Literature Study GuidesTo The LighthouseThe Lighthouse Chapter 6 Summary

To the Lighthouse | Study Guide

Virginia Woolf

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To the Lighthouse | The Lighthouse, Chapter 6 | Summary



The entire chapter appears in brackets, as if the action is an afterthought to the main text. After Macalister's son catches a fish, he cuts a chunk from its body to bait his hook and throws its body back into the sea: "The mutilated body (it was still alive) was thrown back into the sea."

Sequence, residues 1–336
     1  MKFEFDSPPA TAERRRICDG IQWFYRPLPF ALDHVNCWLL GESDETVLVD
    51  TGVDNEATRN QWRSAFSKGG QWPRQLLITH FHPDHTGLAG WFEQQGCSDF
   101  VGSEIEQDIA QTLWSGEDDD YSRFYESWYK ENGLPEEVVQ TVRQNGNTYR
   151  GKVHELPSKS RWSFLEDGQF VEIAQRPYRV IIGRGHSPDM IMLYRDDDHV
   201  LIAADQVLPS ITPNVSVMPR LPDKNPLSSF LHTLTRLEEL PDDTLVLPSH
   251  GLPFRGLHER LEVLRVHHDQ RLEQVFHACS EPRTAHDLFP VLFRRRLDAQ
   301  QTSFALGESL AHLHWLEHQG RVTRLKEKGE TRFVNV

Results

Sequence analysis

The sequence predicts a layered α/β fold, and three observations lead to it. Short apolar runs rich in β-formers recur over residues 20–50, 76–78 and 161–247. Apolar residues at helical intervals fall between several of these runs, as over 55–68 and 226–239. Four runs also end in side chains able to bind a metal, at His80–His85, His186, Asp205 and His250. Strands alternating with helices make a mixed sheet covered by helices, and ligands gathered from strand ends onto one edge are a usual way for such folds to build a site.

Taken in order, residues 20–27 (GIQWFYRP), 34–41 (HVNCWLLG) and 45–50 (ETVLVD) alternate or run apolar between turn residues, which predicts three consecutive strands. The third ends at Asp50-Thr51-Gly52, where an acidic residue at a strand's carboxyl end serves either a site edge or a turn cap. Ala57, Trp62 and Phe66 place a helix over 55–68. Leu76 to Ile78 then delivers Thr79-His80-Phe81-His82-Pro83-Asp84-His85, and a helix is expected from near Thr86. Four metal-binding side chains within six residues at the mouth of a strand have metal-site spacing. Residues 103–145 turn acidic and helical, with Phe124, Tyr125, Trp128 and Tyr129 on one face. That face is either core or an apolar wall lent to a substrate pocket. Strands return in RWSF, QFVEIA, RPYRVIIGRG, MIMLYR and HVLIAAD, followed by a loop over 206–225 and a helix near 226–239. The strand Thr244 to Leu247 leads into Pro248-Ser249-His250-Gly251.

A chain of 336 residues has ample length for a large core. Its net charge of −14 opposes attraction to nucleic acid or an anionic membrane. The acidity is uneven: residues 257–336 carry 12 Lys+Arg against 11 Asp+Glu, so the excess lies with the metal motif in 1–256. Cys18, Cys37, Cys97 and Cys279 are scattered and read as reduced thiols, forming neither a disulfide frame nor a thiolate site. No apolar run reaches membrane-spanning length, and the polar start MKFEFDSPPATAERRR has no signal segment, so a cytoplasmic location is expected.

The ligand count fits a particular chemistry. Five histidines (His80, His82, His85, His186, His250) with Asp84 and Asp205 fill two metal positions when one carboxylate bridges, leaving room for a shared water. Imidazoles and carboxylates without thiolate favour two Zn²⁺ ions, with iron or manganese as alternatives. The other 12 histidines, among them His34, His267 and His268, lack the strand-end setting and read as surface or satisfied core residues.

Typically, the narrator uses brackets to include factual information, which here suggests little is happening on the boat, inwardly and outwardly. The language suggests a certain brutality in the act, or in survival itself.

The bracketed text also suggests that the action is meaningless to Macalister's son; the toss back into the sea is written in the passive voice, as if he is not an active participant. Yet the inclusion of this chapter suggests this compressed moment in time may have an effect on another character.

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